Distributed tracing in elixir

With the proliferation of microservice architecture, distributed tracing has become more and more important in recent days. Because the landscape is quite new, there are multiple open standards like opentracing, opencensus and multiple opensource implementations like zipkin, jaeger, commerical implementations like datadog, newrelic, elasticsearch etc. There are also multiple client implementations available for elixir language like spandex, ex_ray and opencensus

The problem is, as a user, I am stuck with analysis paralysis. I have been postponing the adoption, because I am afraid of making the wrong bet. With the current setup, switching from one implementation to another would be a time consuming process (depends on how big the codebase is).

beam telemetry project aims to solve the same issue in the metrics landscape. If it gets implemented by the majority of the community, then switching from let’s say graphite to prometheus would be quite straight forward.

Is there any similar effort for distributed tracing?


Note that OpenCensus is the only actual standard for what has to be defined to really have distributed tracing. OpenTracing leaves almost everything up to the implementation, which does not produce compatible libraries. OpenCensus provides complete specs and implementations for distributed tracing across multiple systems. This also involves some W3C standards, https://www.w3.org/TR/trace-context/ and https://w3c.github.io/correlation-context/

OpenCensus and OpenTracing will ultimately be merged and the result live under CNCF. So choosing OpenCensus is a safe bet.

Also note that we who work on OpenCensus have been discussing with those who work on Spandex to combine efforts.

I hope the OpenCensus library can become the “telemetry library” of distributed tracing on beam :slight_smile: – we’ll also be integrating with telemetry for statistic reporting.


This is really cool!

Originally I thought the questions was regarding Trace Tool Builder. :slight_smile:

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Could you explain how the integration will work with other libraries like ecto, redix, hackney etc.

We have started to enable distributed tracing for our ruby applications (using newrelic). It’s mostly plug and play so far, we just have to enable the config and all the common things are already instrumented properly. I understand this is mostly because of the way ruby works, it’s easy to monkey patch existing libraries.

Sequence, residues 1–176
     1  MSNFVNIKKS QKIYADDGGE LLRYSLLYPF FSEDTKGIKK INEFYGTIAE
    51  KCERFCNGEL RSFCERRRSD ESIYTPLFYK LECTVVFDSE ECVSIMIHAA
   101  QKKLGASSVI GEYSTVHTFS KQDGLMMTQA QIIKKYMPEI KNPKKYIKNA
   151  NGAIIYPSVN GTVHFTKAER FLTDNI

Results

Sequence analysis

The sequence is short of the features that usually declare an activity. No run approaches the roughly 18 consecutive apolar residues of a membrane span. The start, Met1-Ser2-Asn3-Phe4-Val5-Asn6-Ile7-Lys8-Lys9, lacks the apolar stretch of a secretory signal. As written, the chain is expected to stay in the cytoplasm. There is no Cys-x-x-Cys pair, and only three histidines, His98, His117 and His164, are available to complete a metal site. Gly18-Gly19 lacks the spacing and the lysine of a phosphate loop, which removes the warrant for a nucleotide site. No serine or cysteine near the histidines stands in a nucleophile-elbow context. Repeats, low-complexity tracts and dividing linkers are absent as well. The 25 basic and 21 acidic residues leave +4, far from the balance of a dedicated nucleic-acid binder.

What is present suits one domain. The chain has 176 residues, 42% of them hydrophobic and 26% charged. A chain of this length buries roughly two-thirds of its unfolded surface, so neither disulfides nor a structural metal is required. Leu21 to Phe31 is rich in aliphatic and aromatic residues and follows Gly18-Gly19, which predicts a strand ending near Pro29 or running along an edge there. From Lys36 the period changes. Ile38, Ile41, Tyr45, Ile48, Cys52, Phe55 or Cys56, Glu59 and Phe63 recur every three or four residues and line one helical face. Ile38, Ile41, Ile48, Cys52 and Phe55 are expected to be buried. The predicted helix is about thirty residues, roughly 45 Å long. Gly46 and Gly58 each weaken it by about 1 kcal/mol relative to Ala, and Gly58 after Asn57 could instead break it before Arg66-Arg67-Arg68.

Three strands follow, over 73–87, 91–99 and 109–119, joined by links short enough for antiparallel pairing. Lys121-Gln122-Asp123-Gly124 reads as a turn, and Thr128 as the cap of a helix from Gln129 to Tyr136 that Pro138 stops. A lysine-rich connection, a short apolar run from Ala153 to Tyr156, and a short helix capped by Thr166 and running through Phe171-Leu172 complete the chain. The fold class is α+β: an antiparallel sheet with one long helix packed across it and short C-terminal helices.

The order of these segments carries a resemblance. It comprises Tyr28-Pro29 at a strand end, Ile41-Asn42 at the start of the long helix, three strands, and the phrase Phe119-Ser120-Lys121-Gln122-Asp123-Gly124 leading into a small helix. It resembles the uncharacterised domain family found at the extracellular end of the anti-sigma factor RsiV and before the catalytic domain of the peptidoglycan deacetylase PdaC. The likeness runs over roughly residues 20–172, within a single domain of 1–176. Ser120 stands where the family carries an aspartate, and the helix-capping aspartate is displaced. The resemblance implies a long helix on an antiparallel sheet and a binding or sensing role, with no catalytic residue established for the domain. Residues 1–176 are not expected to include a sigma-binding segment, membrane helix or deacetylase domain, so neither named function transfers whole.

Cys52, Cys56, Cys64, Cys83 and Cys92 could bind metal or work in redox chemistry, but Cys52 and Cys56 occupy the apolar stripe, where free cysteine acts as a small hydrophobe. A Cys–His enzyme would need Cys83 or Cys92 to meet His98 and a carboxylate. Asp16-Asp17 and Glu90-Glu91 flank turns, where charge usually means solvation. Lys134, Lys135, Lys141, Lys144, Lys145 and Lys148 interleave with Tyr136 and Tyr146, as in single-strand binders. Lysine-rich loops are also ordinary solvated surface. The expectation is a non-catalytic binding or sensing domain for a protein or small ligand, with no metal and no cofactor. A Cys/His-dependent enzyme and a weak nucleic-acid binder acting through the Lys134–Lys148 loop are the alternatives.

The intent is to be mostly plug and play, but libraries are only instrumented when someone who needs it decides to do the work and release it.

So right now plug and tesla can have tracing enabled in a fairly simple way of adding middleware/plugs https://github.com/opencensus-beam/

Instrumenting hackney isn’t really possible without internal changes to hackney itself (it has no middleware support) and I’ve been talking to Benoit about it but we haven’t moved forward with any change yet.


We (well, mainly Benoit ofc) are integrating OpenCensus and Barrel though.

I’ll echo what @tristan said, that we’re working on how the Spandex team can integrate and/or combine with the OpenCensus-BEAM project, because I think that’s the spec that makes the most long-term sense. I’d say that if you’re looking to add something to an app today, maybe try adding OpenCensus and file issues for any trouble you having (both documentation and technical issues), so we can figure out where the gaps are.

I still haven’t taken the time to figure out what that experience is like myself from an Elixir app, but if decide that you’d rather use Spandex, we have a fully-worked example that you can use to see what’s required to integrate Spandex with the commonly-used frameworks (Plug, Phoenix, Ecto, Datadog). Check out the links to the diffs in the README to see the exact changes you’d need to make in your app. Spandex only supports Datadog though, so that might be a deal-breaker for many environments. It wouldn’t be hard to add a new back-end, but no one has contributed one yet. We currently use Spandex at Bleacher Report, and it interoperates seamlessly with Datadog’s official clients for Ruby, NodeJS, .NET, etc.